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Posts Tagged ‘armv8’

Samsung Officially Announces Exynos 7 Octa big.LITTLE ARM Cortex A53/A57 Processor

October 16th, 2014 7 comments

Samsung started to commit code related to Exynos 7 processor to mainline kernel in August, but at the time details were scarce, and many tech websites referred to a Exynos 5433 64-bit processor from Samsung. Exynos 5433 for a Cortex A53/A57 SoC did not make much sense as the company recently announced Exynos 5430 based on Cortex A15 and A7 cores, so finally Exynos 5433 has been renamed to Exynos 7 Octa.

Exynos_7_OctaHere’s what we know about Exynos 7 Octa from information on Exynos 7 Octa page and an older Anandtech article about Exynos 5433:

  • CPU – 4x Cortex A57 cores @ 1.9 GHz , 4x Cortex A53 cores @ 1.3 GHz
  • GPU – Mali-T760 @ 700 MHz
  • Memory Controller – 2x 32-bit @ 825MHz (13.2GB/s b/w)
  • Display – Up to WQHD (2560 x 1440) / WQXGA (2560 x 1600) resolutions
  • Video – Advanced multimedia format codec (MFC) including support for H.265/HEVC @ 60 fps
  • Camera – Up to 16 MP 30fps rear camera, Up to 5MP / 30 fps front-facing camera, with dual ISP allowing for simultaneous video recording.
  • Process – 20 nm HKMG

A57 cores are said to provide 57% more performance than the A15 cores found in Exynos 5 Octa processors, whereas. Mali-T760 GPU should deliver up to 74% enhanced graphics performance over Mali-T628 used in Exynos 5 Octa.

Samsung Exynos 7 is used in the international version of the Galaxy Note 4 smartphone.

Via G for Games.

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Cube T7 is a 64-bit ARM Android Tablet Powered by Mediatek MT8752 Octa-core LTE SoC

October 14th, 2014 No comments

That’s it! The 64-bit ARM era is upon us! ARMv8 servers have been available to companies for a few months, entry-level 64-bit ARM smartphones such as HTC Desire 510 are coming soon, and so are low cost 64-bit ARM development boards, Nexus 9 tablet leaks (Tegra K1 64-bit) are flooding the blogosphere, and Cube T7 tablet / phablet powered by Mediatek MT8752 octa core Cortex A53 processor will start shipping next month, and is available for pre-order right now for about $200.

Cube_T7_64-bit_TabletCube T7 (preliminary) specifications:

  • SoC – Mediatek MT8752 Octa-core Cortex-A53 Processor @ 1.7 Ghz with Mali T-760 MP2 or T-764 GPU
  • System Memory – 2 GB DDR3L
  • Storage – 16 GB flash + micro SD card slot up to 64 GB
  • Display – 7″ capacitive touchscreen @ 1920×1200. 5 or 10-point multi-touch (TBC)
  • Wireless Connectivity –  Dual band WiFi (802.11 b/g/n and ac), Bluetooth 4.0, GPS, A-GPS, FM Radio
  • Cellular Networks:
    • 1x SIM Card, 1x Standby micro SIM card
    • 4G – FDD-LTE B1, FDD-LTE B3, FDD-LTE B7, TDD-LTE B38~41
    • 3G – TD-SCDMA 2100MHz/1900MHz, WCDMA 850MHz/2100MHz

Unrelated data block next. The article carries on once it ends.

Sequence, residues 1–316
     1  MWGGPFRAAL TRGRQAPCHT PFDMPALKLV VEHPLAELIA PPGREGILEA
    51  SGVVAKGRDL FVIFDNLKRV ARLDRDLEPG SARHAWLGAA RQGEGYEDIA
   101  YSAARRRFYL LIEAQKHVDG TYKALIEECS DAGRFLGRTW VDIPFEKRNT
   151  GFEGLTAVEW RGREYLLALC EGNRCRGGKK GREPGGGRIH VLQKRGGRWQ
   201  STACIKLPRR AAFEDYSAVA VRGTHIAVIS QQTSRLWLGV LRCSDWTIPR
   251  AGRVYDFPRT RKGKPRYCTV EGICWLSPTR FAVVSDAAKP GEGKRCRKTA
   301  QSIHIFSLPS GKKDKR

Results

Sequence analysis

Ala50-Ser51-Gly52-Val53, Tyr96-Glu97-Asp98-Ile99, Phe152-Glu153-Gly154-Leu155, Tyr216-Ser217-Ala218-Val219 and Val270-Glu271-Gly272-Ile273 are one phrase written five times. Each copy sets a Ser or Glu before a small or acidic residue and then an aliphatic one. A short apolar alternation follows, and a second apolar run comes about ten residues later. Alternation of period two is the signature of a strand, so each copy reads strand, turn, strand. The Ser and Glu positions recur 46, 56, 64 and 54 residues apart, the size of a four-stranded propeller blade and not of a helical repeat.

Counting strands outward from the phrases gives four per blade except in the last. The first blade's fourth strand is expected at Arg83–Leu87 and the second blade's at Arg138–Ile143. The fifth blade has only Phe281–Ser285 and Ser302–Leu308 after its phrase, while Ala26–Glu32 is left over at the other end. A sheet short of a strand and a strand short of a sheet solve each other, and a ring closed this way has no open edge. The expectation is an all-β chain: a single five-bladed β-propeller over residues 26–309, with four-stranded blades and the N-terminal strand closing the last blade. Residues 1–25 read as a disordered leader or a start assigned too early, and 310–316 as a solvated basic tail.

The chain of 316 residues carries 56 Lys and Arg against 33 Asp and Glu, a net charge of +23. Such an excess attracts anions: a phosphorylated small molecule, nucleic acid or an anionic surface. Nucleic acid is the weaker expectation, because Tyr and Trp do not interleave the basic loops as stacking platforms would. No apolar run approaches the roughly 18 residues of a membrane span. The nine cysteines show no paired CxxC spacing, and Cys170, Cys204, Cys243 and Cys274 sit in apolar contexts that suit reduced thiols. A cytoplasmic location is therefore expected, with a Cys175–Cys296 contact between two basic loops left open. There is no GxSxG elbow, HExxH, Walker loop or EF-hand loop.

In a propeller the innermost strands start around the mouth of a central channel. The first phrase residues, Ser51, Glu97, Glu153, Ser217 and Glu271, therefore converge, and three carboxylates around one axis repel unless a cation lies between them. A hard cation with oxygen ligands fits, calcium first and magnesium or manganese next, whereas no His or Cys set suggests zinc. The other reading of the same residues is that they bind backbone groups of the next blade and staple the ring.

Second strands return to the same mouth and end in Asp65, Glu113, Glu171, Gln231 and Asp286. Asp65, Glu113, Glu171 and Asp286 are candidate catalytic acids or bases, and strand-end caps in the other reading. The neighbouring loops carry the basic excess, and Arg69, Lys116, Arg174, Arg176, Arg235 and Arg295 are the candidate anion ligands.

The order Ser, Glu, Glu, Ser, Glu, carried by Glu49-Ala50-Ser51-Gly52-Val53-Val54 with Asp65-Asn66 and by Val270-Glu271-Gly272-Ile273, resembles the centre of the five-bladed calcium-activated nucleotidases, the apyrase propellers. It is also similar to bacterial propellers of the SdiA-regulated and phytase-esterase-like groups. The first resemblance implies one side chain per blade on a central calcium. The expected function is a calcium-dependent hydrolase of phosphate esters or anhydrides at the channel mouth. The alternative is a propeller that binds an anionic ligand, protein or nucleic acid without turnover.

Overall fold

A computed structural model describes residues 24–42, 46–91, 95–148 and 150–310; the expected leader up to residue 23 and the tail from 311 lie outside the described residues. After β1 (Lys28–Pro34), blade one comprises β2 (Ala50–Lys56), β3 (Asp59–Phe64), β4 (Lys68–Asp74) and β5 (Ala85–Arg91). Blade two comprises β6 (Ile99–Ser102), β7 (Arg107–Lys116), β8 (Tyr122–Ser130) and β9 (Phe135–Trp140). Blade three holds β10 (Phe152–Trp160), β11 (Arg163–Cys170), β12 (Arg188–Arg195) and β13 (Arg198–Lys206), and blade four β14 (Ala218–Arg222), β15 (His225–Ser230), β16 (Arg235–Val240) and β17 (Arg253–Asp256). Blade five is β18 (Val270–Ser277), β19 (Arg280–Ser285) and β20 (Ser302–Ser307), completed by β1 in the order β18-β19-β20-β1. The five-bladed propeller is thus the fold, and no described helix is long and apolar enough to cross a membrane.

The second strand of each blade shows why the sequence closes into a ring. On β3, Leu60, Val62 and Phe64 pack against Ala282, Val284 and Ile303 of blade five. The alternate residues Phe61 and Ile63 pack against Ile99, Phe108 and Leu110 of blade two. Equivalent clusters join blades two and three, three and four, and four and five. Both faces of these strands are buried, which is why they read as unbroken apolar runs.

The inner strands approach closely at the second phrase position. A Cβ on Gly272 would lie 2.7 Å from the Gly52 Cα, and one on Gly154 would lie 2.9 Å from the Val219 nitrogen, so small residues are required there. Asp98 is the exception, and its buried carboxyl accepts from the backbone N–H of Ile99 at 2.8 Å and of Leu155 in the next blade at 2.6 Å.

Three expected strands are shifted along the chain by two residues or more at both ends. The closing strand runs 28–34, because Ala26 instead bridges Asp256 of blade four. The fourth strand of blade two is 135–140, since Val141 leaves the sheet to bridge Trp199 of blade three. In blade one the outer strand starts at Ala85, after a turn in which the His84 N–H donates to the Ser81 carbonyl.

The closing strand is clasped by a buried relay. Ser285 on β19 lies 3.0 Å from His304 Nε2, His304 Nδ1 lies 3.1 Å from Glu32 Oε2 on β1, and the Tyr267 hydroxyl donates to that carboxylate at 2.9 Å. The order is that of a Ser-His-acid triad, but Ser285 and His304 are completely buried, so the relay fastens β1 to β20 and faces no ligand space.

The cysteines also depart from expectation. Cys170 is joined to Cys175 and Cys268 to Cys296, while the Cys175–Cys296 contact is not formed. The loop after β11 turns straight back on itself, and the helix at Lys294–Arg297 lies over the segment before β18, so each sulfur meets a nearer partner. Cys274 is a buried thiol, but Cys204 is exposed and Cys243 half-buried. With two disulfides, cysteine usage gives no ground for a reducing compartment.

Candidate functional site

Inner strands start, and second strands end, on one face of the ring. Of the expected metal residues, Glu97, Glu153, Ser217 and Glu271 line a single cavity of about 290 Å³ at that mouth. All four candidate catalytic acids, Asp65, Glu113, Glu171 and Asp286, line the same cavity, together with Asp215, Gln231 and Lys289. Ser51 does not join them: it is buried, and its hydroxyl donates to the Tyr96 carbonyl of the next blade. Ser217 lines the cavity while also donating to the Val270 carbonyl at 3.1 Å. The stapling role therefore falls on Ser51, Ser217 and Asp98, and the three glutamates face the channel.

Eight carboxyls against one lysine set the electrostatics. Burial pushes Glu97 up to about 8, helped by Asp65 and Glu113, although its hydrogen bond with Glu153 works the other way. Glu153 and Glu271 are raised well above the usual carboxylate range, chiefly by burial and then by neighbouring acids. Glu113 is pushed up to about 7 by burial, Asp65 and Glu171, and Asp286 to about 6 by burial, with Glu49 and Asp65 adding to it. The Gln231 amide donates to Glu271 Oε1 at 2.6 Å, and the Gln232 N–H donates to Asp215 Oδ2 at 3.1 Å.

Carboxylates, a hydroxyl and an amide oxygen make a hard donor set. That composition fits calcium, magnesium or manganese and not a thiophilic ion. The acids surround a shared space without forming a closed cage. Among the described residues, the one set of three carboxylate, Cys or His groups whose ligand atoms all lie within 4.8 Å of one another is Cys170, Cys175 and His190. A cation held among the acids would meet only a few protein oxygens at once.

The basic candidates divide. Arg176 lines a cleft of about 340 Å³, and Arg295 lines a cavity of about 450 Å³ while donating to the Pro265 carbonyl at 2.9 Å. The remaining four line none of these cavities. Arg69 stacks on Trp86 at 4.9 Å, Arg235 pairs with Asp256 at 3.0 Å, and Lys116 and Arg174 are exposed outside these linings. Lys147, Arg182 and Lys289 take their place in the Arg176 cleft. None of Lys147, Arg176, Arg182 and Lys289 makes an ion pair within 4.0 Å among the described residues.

• 2G Network Frequencies –  850MHz, 900MHz, 1800MHz, 1900MHz
  • Camera: 5MP back camera, 2MP front-facing camera
  • Sensor – Gravity Sensor, Proximity Sensor, Light Sensor, Gyroscope
  • USB – micro USB OTG port
  • Audio – Built-in speaker and microphone, 3.5mm earphone jack
  • Battery – 3500 mAh or 7,900 mAh depending where you read….
  • Dimensions – 192 x 113 x 9.3 mm
  • Weight – 280 grams

It’s a challenge to get the specs right, as listed specifications are not consistent across websites, some even list HDMI support. The tablet will run Android 4.4.4 operating systems (32-bit?), and come with a USB cable and a user’s manual. The company will also sell T8 and T9 tablets with respectively 8″ and 9″ displays, and there will be quad core models based on MT8732 quad core Cortex A53 LTE SoC.

Charbax filmed Alldocube company at the Hong Kong Electronics Fair, where they showcased Cube T7 tablet.

Cube T7 will start selling on November 11 in China, and it’s also available for pre-order on Tinydeals for $209.99, with shipping scheduled for November 25. Other sites have listed the tablet such as Merimobiles or Pompmall, and although they don’t seem quite ready for taking pre-orders just yet, price is shown as low as $199.99. Factory price starts at $145 per unit for 2k order.

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Rockchip RK3126, RK3128, and “MayBach” Octo-core Cortex A53 Processor Could Be Found in Tablets in Q4 2014

September 24th, 2014 4 comments

T-chip, the company behind Firefly-RK3288 development board and HPH NT-V6 media player, has sent me their latest company brochure this morning. The brochure mentions the company history since 2005, various tablets solutions they have done over the year, and new and upcoming products. One of the slides particularly caught my attention.

Rockchip_RK3128_RK3126_MayBachRK3288 is pretty popular right now, but I had never heard about RK3126 and RK3128 SoC with four ARM Cortex A7 core with a Mali GPU supporting HEVC decoding up to 1080p resolution. Both processors are manufactured using 40nm technology, so I’d guess these target ultra low cost tablets, which should become available in October and November 2014.

Even more interesting is the mention of “MayBach” Tablets. I’ve been told MayBach, which could just be a temporary codename, is an upcoming Rockchip SoC. Based on the information in the slide, it should be an Octa-core Cortex A53 processor with an unnamed GPU supporting OpenGL ES 3.0. Supported features include 4K/H.265 video decoding, HDMI 2.0 / LVDS / DSI / eDP video outputs, and an ISP with CSI2 camera interface(s).

I could not find more information about a Rockchip Cortex A53 on the web, except that Rockchip licensed Cortex A50 cores in November 2013.